Proponents sold the measure in 1999 with the promise that it would impose no new costs on California taxpayers. The state employees’ pension fund, they said, would grow fast enough to pay the bill in full.
They were off — by billions of dollars — and taxpayers will bear the consequences for decades to come.
This year, state employee pensions will cost taxpayers $5.4 billion, according to the Department of Finance. That’s more than the state will spend on environmental protection, fighting wildfires and the emergency response to the drought combined.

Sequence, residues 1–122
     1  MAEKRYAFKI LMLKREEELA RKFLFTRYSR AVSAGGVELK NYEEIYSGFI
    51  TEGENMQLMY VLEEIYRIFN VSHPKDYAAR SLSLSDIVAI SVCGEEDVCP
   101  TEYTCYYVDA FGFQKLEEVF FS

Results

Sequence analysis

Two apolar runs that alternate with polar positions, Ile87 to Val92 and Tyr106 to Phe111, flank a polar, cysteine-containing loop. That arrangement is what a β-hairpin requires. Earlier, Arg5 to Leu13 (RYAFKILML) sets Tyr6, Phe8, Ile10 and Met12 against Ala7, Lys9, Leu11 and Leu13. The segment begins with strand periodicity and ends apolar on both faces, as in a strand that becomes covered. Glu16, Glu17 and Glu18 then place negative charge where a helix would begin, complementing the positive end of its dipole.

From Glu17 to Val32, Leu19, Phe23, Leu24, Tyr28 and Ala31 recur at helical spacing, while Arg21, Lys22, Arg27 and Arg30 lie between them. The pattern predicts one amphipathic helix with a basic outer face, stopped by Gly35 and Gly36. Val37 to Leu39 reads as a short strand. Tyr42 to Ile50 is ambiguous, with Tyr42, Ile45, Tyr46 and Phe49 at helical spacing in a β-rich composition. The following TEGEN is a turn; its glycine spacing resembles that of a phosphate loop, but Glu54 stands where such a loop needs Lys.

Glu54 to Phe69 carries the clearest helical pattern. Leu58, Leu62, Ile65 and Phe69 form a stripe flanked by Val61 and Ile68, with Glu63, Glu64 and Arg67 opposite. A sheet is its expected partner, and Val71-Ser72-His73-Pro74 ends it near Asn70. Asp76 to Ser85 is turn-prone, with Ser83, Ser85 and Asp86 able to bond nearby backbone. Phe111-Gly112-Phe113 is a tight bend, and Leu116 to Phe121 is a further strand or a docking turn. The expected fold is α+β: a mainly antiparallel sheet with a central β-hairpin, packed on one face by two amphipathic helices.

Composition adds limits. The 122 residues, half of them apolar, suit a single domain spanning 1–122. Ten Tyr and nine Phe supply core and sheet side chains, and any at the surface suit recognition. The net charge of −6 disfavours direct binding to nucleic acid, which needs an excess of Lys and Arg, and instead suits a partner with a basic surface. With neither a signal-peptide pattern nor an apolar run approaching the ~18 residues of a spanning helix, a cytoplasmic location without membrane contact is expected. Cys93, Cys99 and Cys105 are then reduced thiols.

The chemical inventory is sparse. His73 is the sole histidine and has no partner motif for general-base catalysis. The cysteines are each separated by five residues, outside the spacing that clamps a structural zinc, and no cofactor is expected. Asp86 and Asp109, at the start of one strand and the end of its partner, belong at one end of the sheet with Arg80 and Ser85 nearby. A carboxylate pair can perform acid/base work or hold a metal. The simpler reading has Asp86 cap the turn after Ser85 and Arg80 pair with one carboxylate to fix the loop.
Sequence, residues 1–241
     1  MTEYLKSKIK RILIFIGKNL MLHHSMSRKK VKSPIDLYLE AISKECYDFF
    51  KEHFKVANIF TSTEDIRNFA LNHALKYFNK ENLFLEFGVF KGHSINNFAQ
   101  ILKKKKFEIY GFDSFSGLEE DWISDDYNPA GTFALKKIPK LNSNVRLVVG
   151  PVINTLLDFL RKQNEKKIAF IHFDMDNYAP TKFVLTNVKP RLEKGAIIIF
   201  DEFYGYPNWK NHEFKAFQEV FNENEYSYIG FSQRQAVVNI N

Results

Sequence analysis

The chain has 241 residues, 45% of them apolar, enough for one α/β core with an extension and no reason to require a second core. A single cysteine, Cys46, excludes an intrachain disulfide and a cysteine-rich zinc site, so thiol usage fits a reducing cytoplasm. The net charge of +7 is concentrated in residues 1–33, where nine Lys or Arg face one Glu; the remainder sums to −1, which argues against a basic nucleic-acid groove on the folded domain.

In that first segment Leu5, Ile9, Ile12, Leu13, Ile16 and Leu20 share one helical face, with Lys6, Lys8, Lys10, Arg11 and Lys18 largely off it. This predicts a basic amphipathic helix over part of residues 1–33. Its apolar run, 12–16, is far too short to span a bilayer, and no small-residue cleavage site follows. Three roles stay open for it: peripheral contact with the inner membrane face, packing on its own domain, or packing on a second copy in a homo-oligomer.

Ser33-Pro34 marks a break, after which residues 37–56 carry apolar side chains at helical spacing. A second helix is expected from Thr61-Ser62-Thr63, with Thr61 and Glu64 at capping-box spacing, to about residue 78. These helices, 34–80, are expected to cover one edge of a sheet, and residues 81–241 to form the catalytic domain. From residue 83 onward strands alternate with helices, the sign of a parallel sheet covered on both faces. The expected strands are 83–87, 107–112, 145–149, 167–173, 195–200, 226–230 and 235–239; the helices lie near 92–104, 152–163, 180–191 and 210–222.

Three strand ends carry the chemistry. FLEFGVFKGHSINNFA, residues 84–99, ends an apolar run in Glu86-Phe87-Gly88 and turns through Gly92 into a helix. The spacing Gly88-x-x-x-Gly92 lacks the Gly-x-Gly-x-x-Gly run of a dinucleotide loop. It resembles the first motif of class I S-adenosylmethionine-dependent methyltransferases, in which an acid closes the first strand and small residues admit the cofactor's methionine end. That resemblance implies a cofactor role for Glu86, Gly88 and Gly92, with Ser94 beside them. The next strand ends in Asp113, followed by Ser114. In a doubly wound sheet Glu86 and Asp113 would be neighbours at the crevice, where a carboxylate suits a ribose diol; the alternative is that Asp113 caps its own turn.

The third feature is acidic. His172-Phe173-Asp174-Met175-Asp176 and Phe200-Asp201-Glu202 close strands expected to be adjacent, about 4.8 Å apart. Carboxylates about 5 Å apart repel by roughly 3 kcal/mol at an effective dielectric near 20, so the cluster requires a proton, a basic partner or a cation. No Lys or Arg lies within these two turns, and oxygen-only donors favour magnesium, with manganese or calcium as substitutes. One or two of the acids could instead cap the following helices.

And it’s more than 30 times what the state paid for retirement benefits in 2000, before the effects of the new pension law, SB 400, had kicked in, according to data from the California Public Employees’ Retirement System.